Anyone who has felt a heightened appreciation for others after watching a powerful film or gazing at a vibrant painting understands how media can trigger empathy. While creative works have long helped us understand those who are different from ourselves — Roger Ebert described film as "a machine that generates empathy" — researchers have found that a relatively new medium may be especially effective at inspiring individuals to see the world through others’ eyes: virtual reality.
A wealth of research has uncovered how virtual reality can serve help encourage greater empathy between individuals — whether to better understand the life of an unhoused person, gain insight into elderly people’s experiences, or to appreciate other cultures, to name a few.
"We found that VR was able to elicit empathy in a variety of settings," says Megan Brydon, PACS Application Specialist at IWK Health Centre in Halifax, Nova Scotia. She was the lead author of a new research survey published in Journal of Medical Imaging and Radiation Sciences, which found that VR could help medical professionals to cultivate greater empathy for their patients.
The survey examined seven studies in which researchers used VR to encourage empathetic behavior in caregivers. They played the role of physician in some cases, along with patients diagnosed with conditions including breast cancer, cranial nerve injuries and dementia.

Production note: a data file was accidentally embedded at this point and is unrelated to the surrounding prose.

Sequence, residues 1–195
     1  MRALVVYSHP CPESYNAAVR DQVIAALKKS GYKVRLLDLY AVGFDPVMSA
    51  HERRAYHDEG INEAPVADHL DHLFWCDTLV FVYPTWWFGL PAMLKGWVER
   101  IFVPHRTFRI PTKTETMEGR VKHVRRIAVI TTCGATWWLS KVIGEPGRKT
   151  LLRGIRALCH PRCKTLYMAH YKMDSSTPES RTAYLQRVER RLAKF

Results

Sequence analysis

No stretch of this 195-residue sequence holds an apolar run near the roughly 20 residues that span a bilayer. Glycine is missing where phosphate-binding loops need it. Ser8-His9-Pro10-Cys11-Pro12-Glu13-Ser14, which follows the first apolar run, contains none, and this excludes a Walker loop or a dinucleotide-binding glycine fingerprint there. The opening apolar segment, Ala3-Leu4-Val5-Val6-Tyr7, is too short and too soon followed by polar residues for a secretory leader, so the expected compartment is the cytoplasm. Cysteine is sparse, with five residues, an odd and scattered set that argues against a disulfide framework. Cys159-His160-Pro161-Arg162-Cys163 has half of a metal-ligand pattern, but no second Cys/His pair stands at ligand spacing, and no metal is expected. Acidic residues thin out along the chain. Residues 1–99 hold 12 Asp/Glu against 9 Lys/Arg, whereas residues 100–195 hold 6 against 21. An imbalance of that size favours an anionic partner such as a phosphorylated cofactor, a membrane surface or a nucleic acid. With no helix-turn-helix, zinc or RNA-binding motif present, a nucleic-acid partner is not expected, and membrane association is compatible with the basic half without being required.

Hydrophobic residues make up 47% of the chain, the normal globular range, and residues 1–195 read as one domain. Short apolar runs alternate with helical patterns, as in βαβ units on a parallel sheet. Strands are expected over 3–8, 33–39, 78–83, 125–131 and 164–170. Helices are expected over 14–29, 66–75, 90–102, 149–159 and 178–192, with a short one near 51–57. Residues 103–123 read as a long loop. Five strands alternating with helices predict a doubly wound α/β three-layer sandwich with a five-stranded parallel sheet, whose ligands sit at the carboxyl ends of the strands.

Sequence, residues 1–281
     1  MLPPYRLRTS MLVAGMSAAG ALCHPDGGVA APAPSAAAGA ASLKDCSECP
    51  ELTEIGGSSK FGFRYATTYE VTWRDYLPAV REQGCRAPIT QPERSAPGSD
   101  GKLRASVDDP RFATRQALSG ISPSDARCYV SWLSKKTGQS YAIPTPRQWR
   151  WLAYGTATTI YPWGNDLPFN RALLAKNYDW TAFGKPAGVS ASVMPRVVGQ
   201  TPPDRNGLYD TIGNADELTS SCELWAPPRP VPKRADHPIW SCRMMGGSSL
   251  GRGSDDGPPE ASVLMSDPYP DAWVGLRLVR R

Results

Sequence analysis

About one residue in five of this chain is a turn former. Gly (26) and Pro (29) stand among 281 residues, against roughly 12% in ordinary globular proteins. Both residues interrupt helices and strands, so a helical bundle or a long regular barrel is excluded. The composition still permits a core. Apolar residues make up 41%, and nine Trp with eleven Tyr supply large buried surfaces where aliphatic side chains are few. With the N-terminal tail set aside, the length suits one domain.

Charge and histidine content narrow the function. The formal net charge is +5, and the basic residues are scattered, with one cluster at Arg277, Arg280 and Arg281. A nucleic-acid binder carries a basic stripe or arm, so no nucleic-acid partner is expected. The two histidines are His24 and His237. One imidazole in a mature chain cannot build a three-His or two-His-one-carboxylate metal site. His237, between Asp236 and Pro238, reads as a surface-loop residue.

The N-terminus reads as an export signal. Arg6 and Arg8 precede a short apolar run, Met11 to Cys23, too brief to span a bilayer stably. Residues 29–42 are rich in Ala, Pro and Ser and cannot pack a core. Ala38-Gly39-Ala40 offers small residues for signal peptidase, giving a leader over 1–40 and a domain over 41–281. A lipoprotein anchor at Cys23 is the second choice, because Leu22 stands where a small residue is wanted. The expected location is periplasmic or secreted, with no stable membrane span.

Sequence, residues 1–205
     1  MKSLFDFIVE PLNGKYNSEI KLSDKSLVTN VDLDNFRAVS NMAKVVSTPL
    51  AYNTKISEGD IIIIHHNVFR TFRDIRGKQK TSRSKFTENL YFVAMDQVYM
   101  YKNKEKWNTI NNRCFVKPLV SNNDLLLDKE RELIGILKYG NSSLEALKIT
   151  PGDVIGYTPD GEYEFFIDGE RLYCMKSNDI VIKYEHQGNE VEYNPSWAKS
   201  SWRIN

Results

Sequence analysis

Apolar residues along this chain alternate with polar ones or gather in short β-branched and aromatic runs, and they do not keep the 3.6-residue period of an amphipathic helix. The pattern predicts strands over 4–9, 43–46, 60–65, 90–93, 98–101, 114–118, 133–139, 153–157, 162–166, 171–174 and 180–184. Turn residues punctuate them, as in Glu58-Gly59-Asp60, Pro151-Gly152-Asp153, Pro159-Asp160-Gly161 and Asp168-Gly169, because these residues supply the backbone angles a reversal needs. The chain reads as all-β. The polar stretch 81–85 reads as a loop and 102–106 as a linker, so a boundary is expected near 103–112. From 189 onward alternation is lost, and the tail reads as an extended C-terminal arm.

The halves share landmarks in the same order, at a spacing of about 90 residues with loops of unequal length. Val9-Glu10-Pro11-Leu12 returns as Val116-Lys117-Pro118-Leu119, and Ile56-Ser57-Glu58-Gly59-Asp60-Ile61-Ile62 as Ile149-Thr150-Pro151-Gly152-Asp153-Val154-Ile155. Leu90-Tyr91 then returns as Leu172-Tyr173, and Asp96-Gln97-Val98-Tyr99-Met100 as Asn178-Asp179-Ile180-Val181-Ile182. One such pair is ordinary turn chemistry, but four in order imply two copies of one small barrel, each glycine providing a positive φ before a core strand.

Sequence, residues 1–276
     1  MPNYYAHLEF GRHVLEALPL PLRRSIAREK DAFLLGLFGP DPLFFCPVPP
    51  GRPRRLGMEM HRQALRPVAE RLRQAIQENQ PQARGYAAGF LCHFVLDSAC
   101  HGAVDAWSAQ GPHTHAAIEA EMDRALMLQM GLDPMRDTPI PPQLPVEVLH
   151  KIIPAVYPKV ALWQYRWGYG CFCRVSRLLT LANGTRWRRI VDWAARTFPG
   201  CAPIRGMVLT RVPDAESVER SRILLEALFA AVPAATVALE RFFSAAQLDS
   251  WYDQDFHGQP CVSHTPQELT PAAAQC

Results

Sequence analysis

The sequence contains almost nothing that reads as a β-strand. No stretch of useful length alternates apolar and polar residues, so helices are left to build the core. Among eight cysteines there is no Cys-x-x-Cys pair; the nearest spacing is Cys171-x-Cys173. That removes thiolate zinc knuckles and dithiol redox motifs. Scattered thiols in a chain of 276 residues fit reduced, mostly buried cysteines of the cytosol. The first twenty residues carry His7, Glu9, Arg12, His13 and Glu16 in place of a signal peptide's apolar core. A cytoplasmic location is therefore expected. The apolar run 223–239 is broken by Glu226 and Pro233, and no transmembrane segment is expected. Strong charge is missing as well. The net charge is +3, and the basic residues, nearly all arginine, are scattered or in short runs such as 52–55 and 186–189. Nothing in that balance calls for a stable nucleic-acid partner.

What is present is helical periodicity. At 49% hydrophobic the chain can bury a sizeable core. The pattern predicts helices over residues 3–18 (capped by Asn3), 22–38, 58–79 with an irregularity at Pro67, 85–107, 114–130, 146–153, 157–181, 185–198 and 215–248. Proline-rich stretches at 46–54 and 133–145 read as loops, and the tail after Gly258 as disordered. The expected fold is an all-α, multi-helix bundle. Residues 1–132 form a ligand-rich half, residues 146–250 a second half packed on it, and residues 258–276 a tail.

For example, in one 2018 study, subjects donned specially designed goggles, gloves and headphones that altered their perceptions while completing daily tasks to simulate life with dementia. In another study, subjects put on a head-mounted display to take on the perspective of a patient with signs of breast cancer.
Even with a range of approaches, the studies consistently pointed to an uptick in empathic behavior following the VR experience. To Brydon, these consistent results point to the potential of virtual reality as a training tool for medical professionals.
"If you want to learn about a given population or ensure that you’re really prepared to provide care, it seems that VR can facilitate some of that," says Brydon. "It has value for professional development or encouraging cultural sensitivity — diversity, equity, and inclusion or reconciliation."
VR for DEI
Jeremy Bailenson agrees that VR holds promise as a tool for DEI training — a field that he says is quickly embracing this technology. As a professor of communications at Stanford University and founding director of the Virtual Human Interaction Lab, Bailenson has explored VR as a tool for empathy since the 1990s.